Tomorrow marks one of the most important days of the year for the Cornish – St Pirans Day, the national day of Cornwall, a day of celebrating St Piran or Perran as he is also known, a 5th century abbot and the patron saint of miners.
Legend suggests that he was thrown to sea in Ireland and managed to sail safely to Cornwall, landing on a small beach near Newquay which was named Perran Beach in his honour. It was here that Saint Piran built his oratory – a small chapel whose remains can still be seen today, submerged in sand.
Piran is said to have rediscovered tin-smelting when his black hearthstone had the tin smelt out of it and rose to the top in the form of a white cross thus igniting Cornwall’s immense historic mining industry and creating the Cornish flag which is so widely recognised today.
In times gone by this day was officially a tin miners holiday however these days the 5th March is marked with a number of festivals, feasts and parades in towns and villages across Cornwall.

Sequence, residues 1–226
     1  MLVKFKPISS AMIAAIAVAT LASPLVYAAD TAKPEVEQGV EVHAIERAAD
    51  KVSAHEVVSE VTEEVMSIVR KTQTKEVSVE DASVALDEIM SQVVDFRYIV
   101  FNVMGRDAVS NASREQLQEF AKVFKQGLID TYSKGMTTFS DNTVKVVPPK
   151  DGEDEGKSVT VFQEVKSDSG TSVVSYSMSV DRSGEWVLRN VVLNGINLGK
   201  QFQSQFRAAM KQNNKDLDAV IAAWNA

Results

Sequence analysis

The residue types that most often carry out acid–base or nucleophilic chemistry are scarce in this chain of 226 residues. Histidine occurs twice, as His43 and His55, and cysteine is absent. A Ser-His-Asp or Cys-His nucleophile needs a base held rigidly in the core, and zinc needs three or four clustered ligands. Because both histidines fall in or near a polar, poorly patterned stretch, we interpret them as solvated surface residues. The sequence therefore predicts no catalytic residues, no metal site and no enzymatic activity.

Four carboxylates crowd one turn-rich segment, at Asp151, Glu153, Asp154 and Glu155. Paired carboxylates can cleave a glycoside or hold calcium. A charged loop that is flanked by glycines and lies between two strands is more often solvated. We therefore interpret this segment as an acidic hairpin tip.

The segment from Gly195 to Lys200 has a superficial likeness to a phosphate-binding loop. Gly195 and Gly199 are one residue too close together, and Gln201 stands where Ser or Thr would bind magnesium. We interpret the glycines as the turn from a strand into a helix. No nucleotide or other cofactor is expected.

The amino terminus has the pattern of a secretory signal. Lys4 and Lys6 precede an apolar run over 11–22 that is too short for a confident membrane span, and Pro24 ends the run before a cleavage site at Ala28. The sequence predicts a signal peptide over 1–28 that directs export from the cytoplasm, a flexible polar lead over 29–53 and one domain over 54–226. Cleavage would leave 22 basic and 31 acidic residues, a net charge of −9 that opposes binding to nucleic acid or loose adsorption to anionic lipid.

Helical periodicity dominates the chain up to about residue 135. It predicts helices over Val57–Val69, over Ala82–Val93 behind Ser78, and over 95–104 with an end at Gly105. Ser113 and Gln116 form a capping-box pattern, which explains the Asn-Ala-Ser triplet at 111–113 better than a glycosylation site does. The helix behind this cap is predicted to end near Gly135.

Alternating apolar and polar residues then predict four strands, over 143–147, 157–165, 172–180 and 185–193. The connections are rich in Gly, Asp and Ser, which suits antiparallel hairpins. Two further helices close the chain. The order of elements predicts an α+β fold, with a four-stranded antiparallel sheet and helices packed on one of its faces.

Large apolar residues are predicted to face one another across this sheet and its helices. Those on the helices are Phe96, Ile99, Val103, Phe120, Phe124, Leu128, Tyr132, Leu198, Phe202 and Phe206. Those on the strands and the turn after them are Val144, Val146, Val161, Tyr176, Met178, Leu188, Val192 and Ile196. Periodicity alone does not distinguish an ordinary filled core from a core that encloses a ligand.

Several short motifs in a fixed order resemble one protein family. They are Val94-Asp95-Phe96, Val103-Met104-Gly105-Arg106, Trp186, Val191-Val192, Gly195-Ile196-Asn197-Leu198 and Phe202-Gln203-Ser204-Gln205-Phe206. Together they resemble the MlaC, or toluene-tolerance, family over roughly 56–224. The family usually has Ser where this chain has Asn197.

One of the largest of St Piran’s Day events is held in Perranporth; the day includes a procession across Perrran dunes to St Piran’s Cross and his oratory to celebrate the excavation of the building. Led by Falmouth Marine band, people are invited to sing along to celebrate the day dressed in the local colours of black, white and gold.
Parades are held all over Cornwall including the main mining towns of Redruth, Bodmin, Falmouth and Truro and include a procession of local bands, traditional dancing, Cornish recitals and of course the singing of Cornwall’s most patriotic song Trelawny. After the parades most settle down to local feasts (including pasties of course!) and much merrymaking, usually entertained by shanty singing well into the evening.
For information about what celebrations are going on across the country please check out
and a Gool Peran Lowen! (happy St Pirans Day!)